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Please use this identifier to cite or link to this item: http://hdl.handle.net/1860/3023

Title: Utilization of Passive Sonic Telemetry as Indicators of Movement and Nesting of the Northern Diamondback Terrapin (Malaclemys terrapin terrapin)
Authors: Winters, J.M.
Avery, H.W.
Spotila, J.R.
Standora, E.A
Keywords: passive telemetry;Biology;diamondback terrapin;New Jersey
Issue Date: 3-Jun-2009
Abstract: Numerous anthropogenic factors pose serious threats to estuarine ecosystems and the organisms inhabiting them. Bulkheading (i.e., construction of shoreline walls), dredging, boating, shoreline development, over-harvesting, and pollution are some of the major human impacts to estuaries in North America. The diamondback terrapin (Malaclemys terrapin) is an ideal species for determining the effects of human impacts to estuarine wildlife, because their habitat use and behavior uniquely utilize both land and aquatic habitats that comprise estuaries. The objective of this study is to determine the home range and nest site selection of diamondback terrapins in relation to anthropogenic impacts in Barnegat Bay Estuary, New Jersey. We will use passive sonic telemetry technology and multiple Submersible Underwater Receivers (SURs) to remotely track free-ranging terrapins throughout the Bay. We will position SURs in arrays throughout areas of the Bay where we have marked terrapins over the last three years to monitor the movements of individual terrapins. Fifteen terrapins will be outfitted with sonic transmitters per site, which will send signals to the SUR when terrapins are within range. Frequency, date, and time of signal reception will be logged remotely by each SUR. From these data we will determine the individual terrapin whose signal was received, and movements of individuals throughout the monitored areas. Gravid (i.e., egg-bearing) females will be closely monitored to determine the nest site(s) used. Reproductive success of nests will be determined for each monitored female. Wherever possible we will determine the cause(s) of nest failure. Our study will be critical in determining the direct and indirect effects of anthropogenic impacts to terrapins in areas of known high terrapin densities. These findings will aid in management decisions regarding both aquatic (e.g., boat) and land (e.g., beach) uses in relation to ensuring the viability of wildlife resources within the Barnegat Bay Estuary.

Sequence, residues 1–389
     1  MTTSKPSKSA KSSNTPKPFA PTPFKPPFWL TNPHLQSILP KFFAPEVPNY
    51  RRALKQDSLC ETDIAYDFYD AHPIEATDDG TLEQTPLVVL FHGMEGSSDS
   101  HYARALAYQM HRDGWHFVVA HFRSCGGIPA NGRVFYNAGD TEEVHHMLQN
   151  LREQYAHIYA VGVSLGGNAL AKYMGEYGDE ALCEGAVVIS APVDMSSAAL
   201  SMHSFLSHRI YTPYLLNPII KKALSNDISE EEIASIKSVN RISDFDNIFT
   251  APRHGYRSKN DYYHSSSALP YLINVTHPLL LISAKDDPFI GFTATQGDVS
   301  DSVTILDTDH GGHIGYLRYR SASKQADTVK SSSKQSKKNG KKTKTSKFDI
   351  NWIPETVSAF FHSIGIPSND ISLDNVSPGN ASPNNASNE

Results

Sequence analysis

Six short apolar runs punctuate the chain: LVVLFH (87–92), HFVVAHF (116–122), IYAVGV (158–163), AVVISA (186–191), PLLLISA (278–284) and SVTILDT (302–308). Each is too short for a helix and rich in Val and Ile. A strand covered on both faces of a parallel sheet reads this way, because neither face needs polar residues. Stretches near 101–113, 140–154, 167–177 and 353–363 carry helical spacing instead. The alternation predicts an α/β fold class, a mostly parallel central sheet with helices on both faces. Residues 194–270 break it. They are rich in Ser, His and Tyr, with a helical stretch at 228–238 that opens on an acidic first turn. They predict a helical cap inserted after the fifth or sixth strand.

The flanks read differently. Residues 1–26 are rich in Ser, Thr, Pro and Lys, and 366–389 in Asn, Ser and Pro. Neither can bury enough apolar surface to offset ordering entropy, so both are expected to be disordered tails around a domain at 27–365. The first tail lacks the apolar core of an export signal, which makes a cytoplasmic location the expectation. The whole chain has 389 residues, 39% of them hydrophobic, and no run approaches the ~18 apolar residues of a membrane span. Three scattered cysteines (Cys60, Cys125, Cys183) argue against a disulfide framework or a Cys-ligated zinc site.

URI: http://hdl.handle.net/1860/3023
Appears in Collections:Drexel Research Day

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